Much like ice cream taste tester and TV watcher, video game streamer is one of those jobs that seems great in theory, but can turn out to be not-so-great in practice. Sure, you get to play video games all day, but when “all day” literally means “all day, every day,” like it does for many streamers, the demands of the job places on your life can start to weigh pretty heavy.
On one hand there’s the health consequences. If sitting is the new smoking, then streamers are probably doing a few packs’ worth of damage to their bodies every day with their lifestyle. One streamer attributes his heart surgery to damage to his heart incurred through many sedentary years spent working on his streaming and Youtubing career. Several streamers are reported to have suffered heart attacks while streaming. Repetitive stress injuries and severe weight gain are common.
In addition to the physical health issues, streaming all day with no breaks doesn’t really leave you much room to focus on anything else in your life. It can destroy relationships, leave streamers isolated and burnt out, and seriously harm their mental heath.
The bottom line is that sitting in a chair for 10-14 hours a day, 7 days per week, while subsisting mainly energy drinks and junk food is not a healthy way to spend your life, physically or mentally, and not something anyone can expect to do sustainably for years on end, regardless of how young and healthy they may otherwise be. It’s probably fair to say that, for most streamers, the punishing schedule involved is the worst thing about the job.
So why do streamers put themselves through this? The most commonly cited answer is that that’s what it takes to be successful. Being online as much as possible is what’s necessary to build and keep an audience. Taking even one or two days off can lead to significant drops in subscribers and other audience metrics, and make especially smaller streamers trying to grow their channel feeling like they’ve thrown away weeks or months of progress. That’s why “always be streaming” has turned into a well-known, if unfortunate mantra for many streamers. Even larger streamers aren’t immune. Ninja famously lost 40,000 subscribers when he took two days off to go to E3.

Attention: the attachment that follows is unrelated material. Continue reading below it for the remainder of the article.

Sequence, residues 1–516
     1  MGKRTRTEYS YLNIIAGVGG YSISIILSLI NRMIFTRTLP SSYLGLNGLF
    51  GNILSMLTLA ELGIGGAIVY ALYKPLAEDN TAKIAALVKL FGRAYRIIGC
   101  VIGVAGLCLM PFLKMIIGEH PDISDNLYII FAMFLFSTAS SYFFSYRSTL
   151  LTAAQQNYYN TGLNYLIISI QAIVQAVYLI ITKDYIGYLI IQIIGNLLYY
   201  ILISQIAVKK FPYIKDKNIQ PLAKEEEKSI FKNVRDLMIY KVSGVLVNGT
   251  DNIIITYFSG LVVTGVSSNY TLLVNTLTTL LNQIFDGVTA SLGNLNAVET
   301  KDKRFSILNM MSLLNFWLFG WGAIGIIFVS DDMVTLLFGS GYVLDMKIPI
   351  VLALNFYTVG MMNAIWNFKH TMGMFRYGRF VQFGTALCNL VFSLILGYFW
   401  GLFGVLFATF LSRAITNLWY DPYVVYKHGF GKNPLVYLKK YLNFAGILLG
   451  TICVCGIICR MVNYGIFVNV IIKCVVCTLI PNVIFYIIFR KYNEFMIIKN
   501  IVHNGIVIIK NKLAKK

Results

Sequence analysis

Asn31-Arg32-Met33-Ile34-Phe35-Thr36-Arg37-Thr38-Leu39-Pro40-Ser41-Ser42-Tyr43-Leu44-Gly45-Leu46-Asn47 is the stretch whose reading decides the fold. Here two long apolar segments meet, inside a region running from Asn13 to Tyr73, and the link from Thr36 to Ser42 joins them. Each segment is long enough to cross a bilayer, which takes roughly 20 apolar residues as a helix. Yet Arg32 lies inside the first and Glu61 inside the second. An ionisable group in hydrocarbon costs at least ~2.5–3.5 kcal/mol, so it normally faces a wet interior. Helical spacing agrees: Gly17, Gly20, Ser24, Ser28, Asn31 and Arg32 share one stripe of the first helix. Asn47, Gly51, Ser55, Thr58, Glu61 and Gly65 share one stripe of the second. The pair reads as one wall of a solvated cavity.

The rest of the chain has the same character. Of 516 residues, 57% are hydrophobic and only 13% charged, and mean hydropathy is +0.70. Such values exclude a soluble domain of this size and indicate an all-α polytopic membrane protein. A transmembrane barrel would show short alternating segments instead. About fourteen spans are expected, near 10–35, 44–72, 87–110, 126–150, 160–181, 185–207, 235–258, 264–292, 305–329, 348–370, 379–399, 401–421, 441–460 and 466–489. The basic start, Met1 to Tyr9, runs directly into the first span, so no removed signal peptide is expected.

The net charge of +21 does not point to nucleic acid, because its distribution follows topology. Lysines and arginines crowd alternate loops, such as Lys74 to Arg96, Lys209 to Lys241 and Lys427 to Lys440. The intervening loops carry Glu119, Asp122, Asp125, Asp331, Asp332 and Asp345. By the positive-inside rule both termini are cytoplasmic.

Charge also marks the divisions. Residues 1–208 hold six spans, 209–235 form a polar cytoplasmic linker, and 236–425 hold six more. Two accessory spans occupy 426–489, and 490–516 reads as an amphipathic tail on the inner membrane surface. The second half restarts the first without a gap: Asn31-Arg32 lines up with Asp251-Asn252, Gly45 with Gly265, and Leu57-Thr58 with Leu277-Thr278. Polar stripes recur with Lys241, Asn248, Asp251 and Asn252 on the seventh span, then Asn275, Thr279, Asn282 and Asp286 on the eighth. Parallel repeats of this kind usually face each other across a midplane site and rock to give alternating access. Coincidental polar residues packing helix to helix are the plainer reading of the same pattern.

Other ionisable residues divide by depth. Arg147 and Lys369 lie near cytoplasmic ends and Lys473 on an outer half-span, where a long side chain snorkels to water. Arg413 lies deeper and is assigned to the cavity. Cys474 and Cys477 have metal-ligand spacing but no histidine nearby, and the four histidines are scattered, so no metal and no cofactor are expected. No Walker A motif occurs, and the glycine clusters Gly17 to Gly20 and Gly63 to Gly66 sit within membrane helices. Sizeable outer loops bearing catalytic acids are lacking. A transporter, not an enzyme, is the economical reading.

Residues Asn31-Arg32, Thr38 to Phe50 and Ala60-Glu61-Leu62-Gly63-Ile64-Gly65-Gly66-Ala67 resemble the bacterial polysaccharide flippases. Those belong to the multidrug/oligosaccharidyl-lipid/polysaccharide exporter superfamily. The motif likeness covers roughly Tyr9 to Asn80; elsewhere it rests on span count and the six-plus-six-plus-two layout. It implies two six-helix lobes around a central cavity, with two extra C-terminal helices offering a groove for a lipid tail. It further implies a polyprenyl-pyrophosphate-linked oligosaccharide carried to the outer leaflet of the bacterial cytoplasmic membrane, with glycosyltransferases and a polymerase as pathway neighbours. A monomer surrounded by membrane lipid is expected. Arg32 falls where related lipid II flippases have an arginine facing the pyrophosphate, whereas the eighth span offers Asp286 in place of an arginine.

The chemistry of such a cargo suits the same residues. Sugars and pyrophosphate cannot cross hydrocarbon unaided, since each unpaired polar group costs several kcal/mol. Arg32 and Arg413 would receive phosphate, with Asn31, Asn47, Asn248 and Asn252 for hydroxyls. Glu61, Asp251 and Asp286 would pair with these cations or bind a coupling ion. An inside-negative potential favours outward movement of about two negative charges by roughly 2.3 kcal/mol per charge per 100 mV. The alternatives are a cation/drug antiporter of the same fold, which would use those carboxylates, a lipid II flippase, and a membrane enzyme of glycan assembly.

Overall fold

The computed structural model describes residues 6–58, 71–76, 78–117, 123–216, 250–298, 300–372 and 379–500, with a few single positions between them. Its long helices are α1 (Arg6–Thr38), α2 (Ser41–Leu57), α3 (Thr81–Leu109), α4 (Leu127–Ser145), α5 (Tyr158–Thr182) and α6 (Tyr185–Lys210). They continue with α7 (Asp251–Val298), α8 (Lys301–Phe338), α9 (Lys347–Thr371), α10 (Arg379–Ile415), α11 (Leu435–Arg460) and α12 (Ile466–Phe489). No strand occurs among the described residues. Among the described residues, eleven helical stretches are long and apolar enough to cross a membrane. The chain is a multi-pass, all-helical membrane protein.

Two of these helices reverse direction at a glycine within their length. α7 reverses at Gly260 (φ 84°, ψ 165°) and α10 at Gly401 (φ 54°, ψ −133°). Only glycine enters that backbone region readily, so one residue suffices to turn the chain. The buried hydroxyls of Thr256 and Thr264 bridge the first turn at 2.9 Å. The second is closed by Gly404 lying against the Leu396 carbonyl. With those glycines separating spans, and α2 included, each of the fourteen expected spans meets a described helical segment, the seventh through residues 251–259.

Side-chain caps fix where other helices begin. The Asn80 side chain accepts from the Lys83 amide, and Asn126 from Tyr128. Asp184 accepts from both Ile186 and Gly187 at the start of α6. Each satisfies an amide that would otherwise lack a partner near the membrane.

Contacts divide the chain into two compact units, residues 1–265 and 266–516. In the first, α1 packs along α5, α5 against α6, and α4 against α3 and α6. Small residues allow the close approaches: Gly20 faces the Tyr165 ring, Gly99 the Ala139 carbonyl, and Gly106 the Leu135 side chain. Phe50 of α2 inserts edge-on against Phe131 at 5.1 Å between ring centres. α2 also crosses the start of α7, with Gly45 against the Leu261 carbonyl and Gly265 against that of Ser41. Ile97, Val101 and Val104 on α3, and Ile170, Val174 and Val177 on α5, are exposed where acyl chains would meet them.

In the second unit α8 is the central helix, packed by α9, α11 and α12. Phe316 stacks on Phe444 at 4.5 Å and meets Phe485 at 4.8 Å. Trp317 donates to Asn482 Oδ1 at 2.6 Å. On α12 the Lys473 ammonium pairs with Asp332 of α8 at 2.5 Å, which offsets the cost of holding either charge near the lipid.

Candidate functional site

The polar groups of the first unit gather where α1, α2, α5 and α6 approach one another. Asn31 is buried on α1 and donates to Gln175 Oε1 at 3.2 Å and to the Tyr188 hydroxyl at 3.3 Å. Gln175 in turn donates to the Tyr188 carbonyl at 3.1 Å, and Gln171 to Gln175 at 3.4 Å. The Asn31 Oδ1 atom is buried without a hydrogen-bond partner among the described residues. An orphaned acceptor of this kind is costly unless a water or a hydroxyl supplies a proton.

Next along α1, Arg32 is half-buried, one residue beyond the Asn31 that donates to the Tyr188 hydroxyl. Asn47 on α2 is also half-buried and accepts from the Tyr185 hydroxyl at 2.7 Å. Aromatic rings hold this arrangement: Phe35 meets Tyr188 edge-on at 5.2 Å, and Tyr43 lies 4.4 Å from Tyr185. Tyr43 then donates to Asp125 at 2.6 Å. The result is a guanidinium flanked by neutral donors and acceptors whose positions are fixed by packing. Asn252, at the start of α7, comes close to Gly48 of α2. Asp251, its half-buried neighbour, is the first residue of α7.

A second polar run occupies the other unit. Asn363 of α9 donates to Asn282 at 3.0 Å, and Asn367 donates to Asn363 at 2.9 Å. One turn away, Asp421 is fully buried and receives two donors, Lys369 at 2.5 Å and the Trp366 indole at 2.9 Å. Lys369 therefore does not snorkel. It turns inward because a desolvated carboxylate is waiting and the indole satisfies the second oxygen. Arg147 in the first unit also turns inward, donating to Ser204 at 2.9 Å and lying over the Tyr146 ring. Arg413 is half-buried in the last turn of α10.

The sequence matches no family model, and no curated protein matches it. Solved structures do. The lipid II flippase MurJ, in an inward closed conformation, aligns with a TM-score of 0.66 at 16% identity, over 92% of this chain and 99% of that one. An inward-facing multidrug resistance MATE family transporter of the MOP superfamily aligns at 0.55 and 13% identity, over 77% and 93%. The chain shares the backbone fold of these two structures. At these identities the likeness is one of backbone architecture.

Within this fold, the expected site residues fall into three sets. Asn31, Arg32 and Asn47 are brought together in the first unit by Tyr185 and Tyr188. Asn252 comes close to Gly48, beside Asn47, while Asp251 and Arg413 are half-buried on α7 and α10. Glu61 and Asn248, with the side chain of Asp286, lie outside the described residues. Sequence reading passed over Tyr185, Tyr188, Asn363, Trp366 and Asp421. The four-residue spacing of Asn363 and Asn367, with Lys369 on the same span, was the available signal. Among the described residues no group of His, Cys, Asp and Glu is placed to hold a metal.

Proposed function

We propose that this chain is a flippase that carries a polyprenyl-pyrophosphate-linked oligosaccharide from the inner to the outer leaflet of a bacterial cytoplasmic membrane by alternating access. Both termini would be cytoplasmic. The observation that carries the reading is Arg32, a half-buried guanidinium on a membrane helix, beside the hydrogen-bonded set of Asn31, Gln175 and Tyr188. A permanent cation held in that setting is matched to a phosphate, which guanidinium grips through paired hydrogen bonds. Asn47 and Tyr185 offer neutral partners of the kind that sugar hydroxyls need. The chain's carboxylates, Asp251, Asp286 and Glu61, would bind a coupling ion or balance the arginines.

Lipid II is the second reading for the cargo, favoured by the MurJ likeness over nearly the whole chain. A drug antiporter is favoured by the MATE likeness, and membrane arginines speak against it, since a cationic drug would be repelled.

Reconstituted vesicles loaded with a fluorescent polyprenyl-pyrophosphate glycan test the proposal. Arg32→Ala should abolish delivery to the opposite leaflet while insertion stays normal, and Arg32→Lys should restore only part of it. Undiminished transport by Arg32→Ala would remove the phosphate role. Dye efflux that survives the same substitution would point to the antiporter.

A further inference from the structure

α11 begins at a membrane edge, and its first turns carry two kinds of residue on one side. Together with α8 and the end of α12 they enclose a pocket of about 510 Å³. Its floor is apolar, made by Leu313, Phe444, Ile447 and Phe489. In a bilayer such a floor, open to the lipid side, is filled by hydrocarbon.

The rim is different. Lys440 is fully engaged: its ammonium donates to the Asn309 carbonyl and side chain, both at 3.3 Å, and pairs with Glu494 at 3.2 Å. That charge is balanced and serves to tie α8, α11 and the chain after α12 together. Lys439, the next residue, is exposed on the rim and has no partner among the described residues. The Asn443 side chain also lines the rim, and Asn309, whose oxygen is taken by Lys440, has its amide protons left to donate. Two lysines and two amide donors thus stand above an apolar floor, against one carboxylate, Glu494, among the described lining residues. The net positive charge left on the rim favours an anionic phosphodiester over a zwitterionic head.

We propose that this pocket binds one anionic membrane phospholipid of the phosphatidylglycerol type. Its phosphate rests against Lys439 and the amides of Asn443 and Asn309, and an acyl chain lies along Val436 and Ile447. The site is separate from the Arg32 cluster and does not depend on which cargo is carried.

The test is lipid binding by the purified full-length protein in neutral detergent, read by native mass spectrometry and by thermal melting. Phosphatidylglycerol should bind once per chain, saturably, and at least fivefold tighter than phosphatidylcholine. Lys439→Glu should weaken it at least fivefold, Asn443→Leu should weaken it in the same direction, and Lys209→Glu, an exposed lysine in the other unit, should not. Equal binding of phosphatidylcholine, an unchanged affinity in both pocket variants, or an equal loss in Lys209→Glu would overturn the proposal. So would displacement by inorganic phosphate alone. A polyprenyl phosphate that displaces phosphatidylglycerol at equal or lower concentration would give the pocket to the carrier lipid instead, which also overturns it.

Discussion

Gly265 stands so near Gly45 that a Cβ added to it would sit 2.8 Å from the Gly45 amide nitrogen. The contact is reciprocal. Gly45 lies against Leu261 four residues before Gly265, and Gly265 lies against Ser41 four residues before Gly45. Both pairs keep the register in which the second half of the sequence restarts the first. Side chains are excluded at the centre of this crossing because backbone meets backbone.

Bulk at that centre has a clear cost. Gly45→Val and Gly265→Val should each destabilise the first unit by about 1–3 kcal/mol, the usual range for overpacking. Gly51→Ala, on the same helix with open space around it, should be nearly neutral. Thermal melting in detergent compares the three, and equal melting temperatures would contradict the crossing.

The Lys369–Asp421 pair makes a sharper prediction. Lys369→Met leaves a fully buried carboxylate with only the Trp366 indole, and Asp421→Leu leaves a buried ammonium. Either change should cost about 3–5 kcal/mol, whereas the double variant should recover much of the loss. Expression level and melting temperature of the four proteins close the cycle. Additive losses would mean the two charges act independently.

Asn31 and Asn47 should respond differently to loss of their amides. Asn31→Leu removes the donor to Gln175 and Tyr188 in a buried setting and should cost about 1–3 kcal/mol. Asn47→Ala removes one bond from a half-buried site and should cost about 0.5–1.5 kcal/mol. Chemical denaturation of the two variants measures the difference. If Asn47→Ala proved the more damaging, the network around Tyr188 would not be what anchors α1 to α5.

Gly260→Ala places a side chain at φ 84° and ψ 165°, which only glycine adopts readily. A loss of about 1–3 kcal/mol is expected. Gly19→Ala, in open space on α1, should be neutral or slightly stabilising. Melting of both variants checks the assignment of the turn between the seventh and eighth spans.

So it’s pretty clear what the problem is – streaming places unhealthy, potentially unsustainable pressures on your life. It’s also clear what the reason for the problem is – streamers need to be online as much as possible to be successful.
With these two facts in mind, I’m left wondering why streamers haven’t tried what seems like a reasonable solution: Instead of streaming separately, a few streamers could join together and share a channel and essentially stream in shifts. When one streamer logs off, another logs on. They could work out a reasonable schedule that would allow them to keep the channel up as much as they want (even 24/7 depending on the number of streamers and their time zones), while at the same time allowing each of them to some flexibility in order to avoid the grueling schedule solo streaming requires.
The synergies involved with multiple streamers may also actually help the channel overall. Fans of one streamer may get introduced to the others on his channel, and become fans of both. Also, given that such a channel could theoretically be on 24/7, it would have a significant advantage over solo streamers’ channels, as viewers would come to know it as a place they can tune in to catch a stream of their game of choice pretty much anytime.
I’m sure there’s a lot of obstacles to this working – this setup would become more about the channel than individual streamers, and the streamers involved would have to agree to work together to build the channel’s brand at the expense of their own to some extent. Additionally, many people only want to see one specific streamer, and for them there’s no getting around the fact that this arrangement would result in that streamer casting less.
However, given the fact that solo streaming is pretty much unsustainable as a long-term endeavor, it may be that we’ll see more and more streamers trying this kind of thing. A long, long time from now, 24/7 streaming channels with multiple streamers may even become the standard, the same way we have 24/7 TV channels now. Given the demands streaming can place on streamers, that may not be such a bad thing.